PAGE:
There are various gradients of getting a loved one to seek help when it is obvious that they are addicted to drugs ad alcohol. There is nothing more heartbreaking than seeing a loved one just destroy their lives and you can become helpless and feel that there is nothing you can do to change the course of the addict’s life.
There is a philosophy that an addict must hit rock bottom and that they must really want treatment before it will do any good. That is absolutely true if the treatment is no good. However if the treatment is long term and individualized, an addict will get well even if he was pressured to go. No one want to be trapped with addiction, but taking step of “breaking up” with the drug is really hard when they are in the thrown of addiction.
When you have tried everything to get a person to agree to help and treatment, including doing a family intervention and the addict still does not agree to get help, it is time to find a professional interventionist. A professional interventionist is someone who is trained to come to your home or the home of the addict and help get him or her to agree to go to treatment.
A very strict rule about any intervention is that it must be kept secret from the addict. The element of surprise for the addict is a very important part of the intervention. Do not tell anyone that you do not completely trust to keep the secret. Interventions can go terribly wrong and be a waste of time and money of the addict is tipped of by someone that it is going to happen.
They will usually meet with the family and friends, where appropriate, to get the information on the addict, the family and what has been going on. Then plan out the intervention and how it is to be done. You must get agreement with the interventionist on the type of treatment and making it long term.
Just as when you do a family intervention, you must have your treatment program picked out so there is a place for the interventionist to take the addict immediately once he has agreed to get help. You want to pick a long term drug treatment facility, because statistics have shown that short term (30 days or less) is not successful).
Some treatment programs have their own interventionists. If the program you have chosen does not have their own interventionists on staff, it is usually best to get a recommendation from the treatment program you have chosen. That is best because you want to have an interventionist who is knowledgeable about thedrug treatment center so that he can tell the addict about how he can get well in that particular longterm drug treatment program.
There are some points to watch out for when choosing an interventionist. You want someone who is experienced and can present references. Watch for exorbitant prices. Talk to the interventionist and feel him or her out as to care and patience to listen. As in any field, you will find interventionists who are really just out to collect a fee.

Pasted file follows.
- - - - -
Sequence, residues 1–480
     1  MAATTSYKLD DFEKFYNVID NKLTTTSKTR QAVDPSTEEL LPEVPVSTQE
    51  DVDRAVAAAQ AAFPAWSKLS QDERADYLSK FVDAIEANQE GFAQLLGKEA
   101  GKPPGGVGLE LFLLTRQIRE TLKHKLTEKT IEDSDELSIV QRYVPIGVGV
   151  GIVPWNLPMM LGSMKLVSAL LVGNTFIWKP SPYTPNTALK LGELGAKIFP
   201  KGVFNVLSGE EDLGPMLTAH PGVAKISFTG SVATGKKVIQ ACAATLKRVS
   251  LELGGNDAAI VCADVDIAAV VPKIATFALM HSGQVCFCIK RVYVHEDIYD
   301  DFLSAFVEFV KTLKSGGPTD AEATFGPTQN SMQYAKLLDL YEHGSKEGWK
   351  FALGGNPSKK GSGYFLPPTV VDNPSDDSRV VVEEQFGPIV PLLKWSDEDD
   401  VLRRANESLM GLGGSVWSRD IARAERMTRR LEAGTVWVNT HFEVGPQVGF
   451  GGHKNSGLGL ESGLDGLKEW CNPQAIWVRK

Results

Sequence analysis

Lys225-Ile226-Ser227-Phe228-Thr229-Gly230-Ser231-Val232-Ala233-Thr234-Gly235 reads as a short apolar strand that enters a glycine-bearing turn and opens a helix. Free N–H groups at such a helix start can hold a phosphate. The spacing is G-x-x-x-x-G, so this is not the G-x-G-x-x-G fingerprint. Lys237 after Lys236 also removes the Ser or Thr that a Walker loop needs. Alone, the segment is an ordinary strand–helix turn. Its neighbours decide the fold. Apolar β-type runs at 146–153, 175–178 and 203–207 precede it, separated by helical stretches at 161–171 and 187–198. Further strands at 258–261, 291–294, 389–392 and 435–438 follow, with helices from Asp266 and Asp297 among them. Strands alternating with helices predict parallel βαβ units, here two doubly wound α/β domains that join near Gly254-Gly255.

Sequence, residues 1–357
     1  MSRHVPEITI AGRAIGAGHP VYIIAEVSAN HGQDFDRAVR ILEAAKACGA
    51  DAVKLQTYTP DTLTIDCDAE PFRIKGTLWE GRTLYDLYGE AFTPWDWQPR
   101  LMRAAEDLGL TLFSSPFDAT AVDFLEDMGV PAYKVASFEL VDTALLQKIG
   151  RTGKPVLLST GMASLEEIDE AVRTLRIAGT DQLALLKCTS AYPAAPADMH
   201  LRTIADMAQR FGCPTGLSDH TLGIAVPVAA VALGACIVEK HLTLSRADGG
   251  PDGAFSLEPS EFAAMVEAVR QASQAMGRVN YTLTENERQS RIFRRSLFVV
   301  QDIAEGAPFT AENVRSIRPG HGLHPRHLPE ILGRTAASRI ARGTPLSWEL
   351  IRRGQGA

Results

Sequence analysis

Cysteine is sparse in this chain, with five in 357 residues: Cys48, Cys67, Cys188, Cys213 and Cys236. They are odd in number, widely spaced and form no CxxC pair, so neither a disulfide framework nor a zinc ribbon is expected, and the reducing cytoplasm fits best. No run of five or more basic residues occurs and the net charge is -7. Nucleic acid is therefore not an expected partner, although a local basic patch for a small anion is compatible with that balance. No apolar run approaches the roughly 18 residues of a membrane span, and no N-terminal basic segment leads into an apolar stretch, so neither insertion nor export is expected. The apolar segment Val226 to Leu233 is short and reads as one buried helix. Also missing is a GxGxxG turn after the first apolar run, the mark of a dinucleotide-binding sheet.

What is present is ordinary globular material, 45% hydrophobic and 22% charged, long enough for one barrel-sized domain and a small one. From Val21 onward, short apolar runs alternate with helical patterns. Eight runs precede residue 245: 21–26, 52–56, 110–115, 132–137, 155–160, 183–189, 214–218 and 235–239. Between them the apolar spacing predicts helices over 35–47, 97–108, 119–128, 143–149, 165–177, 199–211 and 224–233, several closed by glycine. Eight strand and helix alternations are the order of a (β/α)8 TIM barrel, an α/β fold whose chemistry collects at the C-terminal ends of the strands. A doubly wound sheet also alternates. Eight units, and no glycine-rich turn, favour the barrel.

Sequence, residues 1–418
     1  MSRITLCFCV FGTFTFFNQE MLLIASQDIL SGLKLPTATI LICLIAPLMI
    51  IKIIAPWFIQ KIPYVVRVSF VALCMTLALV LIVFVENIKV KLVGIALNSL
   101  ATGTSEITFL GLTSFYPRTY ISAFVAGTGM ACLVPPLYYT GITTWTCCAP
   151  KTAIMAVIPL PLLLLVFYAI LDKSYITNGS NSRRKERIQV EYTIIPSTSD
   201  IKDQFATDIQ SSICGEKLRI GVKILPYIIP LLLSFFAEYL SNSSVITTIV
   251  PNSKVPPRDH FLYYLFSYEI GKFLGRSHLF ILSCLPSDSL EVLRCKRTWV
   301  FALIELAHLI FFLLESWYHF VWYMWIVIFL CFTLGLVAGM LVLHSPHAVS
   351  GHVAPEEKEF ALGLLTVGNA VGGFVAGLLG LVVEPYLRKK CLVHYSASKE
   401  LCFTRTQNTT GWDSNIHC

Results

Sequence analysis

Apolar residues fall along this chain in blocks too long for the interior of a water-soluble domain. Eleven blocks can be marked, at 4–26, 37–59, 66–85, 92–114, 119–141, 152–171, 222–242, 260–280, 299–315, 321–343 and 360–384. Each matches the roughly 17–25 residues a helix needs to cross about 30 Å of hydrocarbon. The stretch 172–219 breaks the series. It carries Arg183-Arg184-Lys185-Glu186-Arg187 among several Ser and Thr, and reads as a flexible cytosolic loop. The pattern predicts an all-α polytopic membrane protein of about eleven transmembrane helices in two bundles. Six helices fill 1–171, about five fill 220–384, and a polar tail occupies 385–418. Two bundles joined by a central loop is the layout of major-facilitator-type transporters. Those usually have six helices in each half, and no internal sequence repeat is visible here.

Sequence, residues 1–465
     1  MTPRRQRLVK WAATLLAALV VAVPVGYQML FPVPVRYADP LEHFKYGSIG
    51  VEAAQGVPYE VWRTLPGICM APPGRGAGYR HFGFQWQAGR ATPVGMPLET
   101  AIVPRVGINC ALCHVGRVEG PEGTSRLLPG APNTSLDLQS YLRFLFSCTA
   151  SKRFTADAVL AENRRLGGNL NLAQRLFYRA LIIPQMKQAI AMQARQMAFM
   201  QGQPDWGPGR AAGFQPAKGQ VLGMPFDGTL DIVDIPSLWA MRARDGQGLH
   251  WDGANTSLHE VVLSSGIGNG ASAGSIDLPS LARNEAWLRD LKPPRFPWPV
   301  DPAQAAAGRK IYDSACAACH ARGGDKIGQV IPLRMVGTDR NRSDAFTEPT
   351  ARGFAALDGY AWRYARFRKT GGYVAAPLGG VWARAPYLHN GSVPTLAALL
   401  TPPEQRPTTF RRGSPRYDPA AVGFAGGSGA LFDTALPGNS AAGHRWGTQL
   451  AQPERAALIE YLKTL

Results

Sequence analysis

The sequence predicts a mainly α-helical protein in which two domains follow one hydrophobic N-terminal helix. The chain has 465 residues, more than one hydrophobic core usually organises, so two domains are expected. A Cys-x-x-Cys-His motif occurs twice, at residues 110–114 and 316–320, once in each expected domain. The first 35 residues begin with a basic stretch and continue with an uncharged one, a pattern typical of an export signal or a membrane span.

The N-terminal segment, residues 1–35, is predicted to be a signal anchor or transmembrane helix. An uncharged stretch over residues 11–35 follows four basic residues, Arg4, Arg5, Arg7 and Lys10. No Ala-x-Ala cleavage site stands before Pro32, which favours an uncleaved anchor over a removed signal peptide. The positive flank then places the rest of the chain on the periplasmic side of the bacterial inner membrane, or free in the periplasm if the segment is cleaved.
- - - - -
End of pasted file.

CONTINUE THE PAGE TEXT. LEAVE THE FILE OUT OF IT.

Interventionists who has been addicts themselves and had success with the particular treatment center you have chosen are often more successful than someone who has no personal experience with addiction. The addict who needs to be convinced to go to treatment will often respond better to someone who has been in his shoes and who can be an example of treatment success.
Once you have your treatment program picked out and have decided on an interventionist, the next step is planning the intervention with the interventionist.
Work out who will be part of the intervention. It must be people who truly care for the addict and who is the least likely to get into heavy confrontation.
Time and place for he intervention needs to be decided upon. The interventionist will help decide on the best place and the best time where it is known that the addict will be in a certain place or can be gotten to show up somewhere.
Everyone’s roles need to be planned out so that when the intervention is taking place, there is no confusion about who does what. Everyone participating must be on the same page and not have any disagreements about the process.
The consequences to be presented to the addicts if he or she refuses to go to treatment must be worked out. Again, any good interventionist will be helpful in working out consequences that are realistic that that everyone can agree to and be willing to carry out.
Let the interventionist take the lead in the planning as he or she will know what may be most effective. However, you must be in agreement with the process and consequences.
With very good and thorough planning, an intervention will most often be successful. An addict always has the wish inside himself to get help and get out of the trap. The addict is often afraid of withdrawal symptoms, do not believe he can get well and has other considerations. However, if he is truly shown that there is a way out and good treatment available, he will often be relieved and grasp the opportunity.
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